About Me

I'm a mum of two young children with my third on the way, i myself purchased a fetal doppler and it has given me a P.o.M  (Peace of Mind).

How I Have P o M

I wake up every morning, get my two young ones ready for nursery.

Then its PoM time.

The British Medical Ultrasound Society (BMUS) says that there has never been any evidence of harm resulting from the use of ultrasound in pregnancy. Hand-held Dopplers work by using very low power levels, called continuous wave Doppler. This means they are safe to use over a long period. The CTG machines that midwives sometimes use in labour to monitor a baby's heart electronically work in the same way.

Getting a heart rate of your unborn baby after 13 weeks is very reassuring. You can concentrate on the other matters affecting your pregnancy life. I follow a checklist to prepare for P o M.

1. Wash my hands

2. Make sure my fetal doppler has fully charged batteries.

3. I make sure i have enough fetal doppler gel.

4. I have a comfortable bed/sofa/hammock to lie on.

5. I prefer to apply more gel onto probe than on my abdomen

6. I move probe till i can hear and read the heart beat/rate.

I have found it difficult hearing the heartbeat / heart rate. I cannot give any reason why, however I do not panic. I do my checklist again after another two hours and have always succeeded in finding the heart rate.

It is very important that you can differentiate what you are reading and hearing.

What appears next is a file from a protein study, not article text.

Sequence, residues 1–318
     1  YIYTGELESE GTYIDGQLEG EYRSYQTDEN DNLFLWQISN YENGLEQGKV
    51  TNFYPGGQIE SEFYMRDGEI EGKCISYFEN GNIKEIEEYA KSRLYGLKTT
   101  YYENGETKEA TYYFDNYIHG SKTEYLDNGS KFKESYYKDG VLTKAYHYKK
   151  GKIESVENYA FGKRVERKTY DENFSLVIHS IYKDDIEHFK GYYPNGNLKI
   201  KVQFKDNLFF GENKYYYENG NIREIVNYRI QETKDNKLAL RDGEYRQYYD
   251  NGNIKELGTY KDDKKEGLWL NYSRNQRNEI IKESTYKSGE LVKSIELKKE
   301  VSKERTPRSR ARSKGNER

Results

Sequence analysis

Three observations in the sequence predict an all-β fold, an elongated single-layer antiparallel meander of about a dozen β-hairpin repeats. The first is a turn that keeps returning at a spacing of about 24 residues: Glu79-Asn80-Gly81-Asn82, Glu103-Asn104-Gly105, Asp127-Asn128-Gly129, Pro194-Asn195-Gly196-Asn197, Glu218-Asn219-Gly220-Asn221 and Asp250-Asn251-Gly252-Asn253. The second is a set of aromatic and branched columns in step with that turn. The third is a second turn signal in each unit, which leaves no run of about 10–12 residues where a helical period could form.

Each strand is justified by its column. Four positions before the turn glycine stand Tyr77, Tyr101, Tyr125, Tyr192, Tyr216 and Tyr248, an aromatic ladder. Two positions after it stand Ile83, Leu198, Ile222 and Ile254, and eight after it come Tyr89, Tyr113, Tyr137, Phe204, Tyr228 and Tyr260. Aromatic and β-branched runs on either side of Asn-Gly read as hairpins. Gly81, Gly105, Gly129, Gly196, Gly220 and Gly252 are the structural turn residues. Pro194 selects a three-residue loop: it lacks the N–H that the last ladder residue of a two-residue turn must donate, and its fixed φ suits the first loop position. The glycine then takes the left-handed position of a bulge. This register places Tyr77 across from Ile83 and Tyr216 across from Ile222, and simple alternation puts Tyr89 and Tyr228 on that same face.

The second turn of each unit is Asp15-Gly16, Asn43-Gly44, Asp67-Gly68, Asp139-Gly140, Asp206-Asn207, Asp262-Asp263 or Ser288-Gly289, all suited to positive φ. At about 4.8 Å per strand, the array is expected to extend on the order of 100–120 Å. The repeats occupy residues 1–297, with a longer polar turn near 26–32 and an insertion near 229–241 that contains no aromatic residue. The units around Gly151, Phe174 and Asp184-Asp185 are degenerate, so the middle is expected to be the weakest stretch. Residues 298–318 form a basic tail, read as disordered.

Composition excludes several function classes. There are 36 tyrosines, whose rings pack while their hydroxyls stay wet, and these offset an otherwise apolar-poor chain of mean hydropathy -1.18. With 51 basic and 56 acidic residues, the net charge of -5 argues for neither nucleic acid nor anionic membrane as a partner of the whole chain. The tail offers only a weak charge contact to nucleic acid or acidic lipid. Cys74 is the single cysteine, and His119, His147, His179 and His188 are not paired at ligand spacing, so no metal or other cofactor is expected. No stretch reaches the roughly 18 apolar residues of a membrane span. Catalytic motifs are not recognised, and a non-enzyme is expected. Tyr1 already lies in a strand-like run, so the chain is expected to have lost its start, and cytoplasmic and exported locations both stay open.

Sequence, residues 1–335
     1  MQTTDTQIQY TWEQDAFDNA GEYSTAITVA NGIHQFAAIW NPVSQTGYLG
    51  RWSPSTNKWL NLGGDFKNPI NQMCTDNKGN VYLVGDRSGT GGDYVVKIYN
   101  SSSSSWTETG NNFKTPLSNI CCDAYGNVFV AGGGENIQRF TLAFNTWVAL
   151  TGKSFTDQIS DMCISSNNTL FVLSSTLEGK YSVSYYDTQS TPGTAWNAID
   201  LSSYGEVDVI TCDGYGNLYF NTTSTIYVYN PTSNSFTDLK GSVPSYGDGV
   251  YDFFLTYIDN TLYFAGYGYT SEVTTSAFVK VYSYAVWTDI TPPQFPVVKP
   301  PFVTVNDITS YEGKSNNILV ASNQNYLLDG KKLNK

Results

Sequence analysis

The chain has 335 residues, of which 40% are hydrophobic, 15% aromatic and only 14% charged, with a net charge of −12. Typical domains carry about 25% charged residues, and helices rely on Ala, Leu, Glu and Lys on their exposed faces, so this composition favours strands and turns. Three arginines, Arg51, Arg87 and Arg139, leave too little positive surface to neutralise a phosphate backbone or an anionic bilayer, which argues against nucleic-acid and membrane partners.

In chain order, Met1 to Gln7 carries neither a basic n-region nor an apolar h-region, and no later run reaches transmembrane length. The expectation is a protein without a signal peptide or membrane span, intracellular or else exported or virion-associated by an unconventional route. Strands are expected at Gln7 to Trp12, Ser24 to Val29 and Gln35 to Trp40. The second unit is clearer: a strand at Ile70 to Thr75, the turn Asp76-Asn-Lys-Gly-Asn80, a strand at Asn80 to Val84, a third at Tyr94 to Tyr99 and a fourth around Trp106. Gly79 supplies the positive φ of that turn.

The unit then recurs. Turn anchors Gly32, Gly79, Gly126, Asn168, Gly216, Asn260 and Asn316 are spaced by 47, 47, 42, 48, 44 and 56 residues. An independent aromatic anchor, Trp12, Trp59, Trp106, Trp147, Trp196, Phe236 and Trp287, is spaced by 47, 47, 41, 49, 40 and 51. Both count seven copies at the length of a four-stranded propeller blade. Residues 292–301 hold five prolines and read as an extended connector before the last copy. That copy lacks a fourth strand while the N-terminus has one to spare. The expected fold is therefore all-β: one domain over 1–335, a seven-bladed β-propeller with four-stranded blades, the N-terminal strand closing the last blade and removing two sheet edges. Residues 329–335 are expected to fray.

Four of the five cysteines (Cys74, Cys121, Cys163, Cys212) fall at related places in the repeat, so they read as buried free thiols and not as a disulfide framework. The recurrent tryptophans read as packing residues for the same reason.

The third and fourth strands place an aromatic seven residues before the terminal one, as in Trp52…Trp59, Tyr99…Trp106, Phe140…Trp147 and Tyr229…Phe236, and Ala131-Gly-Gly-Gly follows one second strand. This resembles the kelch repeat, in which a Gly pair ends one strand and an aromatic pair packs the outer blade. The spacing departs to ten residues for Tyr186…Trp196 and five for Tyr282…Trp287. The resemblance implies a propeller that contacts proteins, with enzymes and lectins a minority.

You aren't really hearing the heartbeat but the amplified "beat frequency" generated by the interaction of the outgoing ultrasound signal, and the returning ultrasound signal. When the outgoing signal is reflected back by a fetal heart, then the returning signal has a slightly higher frequency (if the object is moving toward the transducer), or slightly lower frequency (if the object is moving away). This is called the Doppler shift. Every so often, the peaks and valleys of these slightly different frequencies are superimposed on each other, creating a much louder sound, that happens to be in the audible range. It is this sound that you are hearing. The normal rate is generally considered to be between 120 and 160 beats per minute.The rates are typically higher (140-160) in early pregnancy, and lower (120-140) toward the end of pregnancy. Past term, some normal fetal heart rates fall to 110 BPM. There is no correlation between heart rate and the gender of the fetus.

Use the coupling agent (Ultrasound gel) to make a good acoustical connection between the transducer and the skin. Doppler fetal heartbeat detectors are moderately directional, so unless you happen to aim it directly at the fetal heart initially, you will need to move it or angle it to find the heartbeat. Confirm a normal rate, and listen for any abnormalities in the rhythm of the fetal heart beat

When in doubt its best consult your midwife/doctor.

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